Do you like the difference in tone?

Joe Bonamassa and I were talking about that, how the weight relief holes and chambered body guitars are brighter and take some getting use to. I was getting an almost hollowbody kind of tone. Not as drastic as a 335, but I could tell when the toggle was in the middle position. It’s a very 335-like tone because it’s not solid wood.

It’s like a 335 without the F-holes.

That’s exactly what it is. It’s got more high end too. Switching between that and a standard is drastic. I have to re-EQ everything. It’s a weird middle ground between a Les Paul and a 335. It’s not bad, just different.

You’ve seen some troubles before you got sober. How do you feel now?

Great. I’m heavily in meetings on a daily basis and helping other people. I’m going out and speaking at schools now. Life has taken on a whole new meaning. One day at a time is how I look at everything now. Eric Gales and I have a saying, “Just for today.” It means not getting overwhelmed with all the craziness. A lot of guys didn’t make it out of stuff that we went through, and I don’t think they even went through near the stuff that Eric and I did. We’re very blessed and grateful that we were able to make it through a lot of the stuff we did.

How has it affected your playing?

It’s to a point now where I have 100 percent focus on what I’m doing and what I’m trying to go for. It’s got my complete attention now. I’m not worried about if I need to get this or that. Creatively I don’t seem to be blocked. Alcohol tended to block that whole flow that happens when I go into the zone with playing solos. It seemed like I was very diluted and very blocked. Now it’s like a pure open channel and it’s free of clutter. It felt like trying to walk through a hallway with all kinds of clutter in it, and you have to step over this, and move this out of the way. Now it feels like a clear hallway that I can walk straight down. It’s a very spiritual experience.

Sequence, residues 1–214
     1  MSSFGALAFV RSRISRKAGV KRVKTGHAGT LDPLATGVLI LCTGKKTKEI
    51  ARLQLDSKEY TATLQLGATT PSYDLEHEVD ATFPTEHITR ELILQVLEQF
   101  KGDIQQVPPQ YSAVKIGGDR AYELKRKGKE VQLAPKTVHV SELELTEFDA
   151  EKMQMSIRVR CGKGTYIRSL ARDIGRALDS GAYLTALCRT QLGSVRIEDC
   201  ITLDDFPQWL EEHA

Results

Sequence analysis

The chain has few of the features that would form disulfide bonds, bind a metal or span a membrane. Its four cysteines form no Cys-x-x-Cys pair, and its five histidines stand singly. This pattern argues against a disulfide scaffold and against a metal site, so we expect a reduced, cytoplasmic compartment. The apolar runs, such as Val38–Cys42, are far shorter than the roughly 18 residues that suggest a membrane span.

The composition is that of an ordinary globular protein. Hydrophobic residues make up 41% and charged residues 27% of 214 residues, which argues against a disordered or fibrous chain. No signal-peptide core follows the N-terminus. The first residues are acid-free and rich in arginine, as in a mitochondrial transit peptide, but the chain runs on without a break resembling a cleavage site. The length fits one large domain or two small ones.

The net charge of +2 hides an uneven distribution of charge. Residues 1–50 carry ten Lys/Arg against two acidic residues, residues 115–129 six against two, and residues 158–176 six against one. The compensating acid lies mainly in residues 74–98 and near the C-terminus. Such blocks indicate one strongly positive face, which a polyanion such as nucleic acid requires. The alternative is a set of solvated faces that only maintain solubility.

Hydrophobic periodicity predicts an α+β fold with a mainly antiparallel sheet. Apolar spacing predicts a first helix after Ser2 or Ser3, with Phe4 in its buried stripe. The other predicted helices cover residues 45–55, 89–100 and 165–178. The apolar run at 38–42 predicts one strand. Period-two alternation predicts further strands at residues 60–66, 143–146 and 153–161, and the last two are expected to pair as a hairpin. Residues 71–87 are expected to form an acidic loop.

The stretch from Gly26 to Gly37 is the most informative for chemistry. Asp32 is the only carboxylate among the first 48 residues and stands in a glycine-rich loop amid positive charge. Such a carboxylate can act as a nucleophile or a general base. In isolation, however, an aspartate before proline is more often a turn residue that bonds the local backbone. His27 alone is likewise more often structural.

Lance’s Gear Box

Guitars
’65 Fender Stratocaster
’57 Reissue Les Paul Gold Top
’58 Gibson VOS Plain Top Burst

Amps
1970 Marshall Super Bass 100
Fender Twin Reverb
’68 Marshall Super Lead 100
’66 Marshall JPM 45 2X12

Effects
Brownstone Hoochee-Mama Overdrive
Brownstone Macho Man Overdrive
Goran Fat Boy Overdrive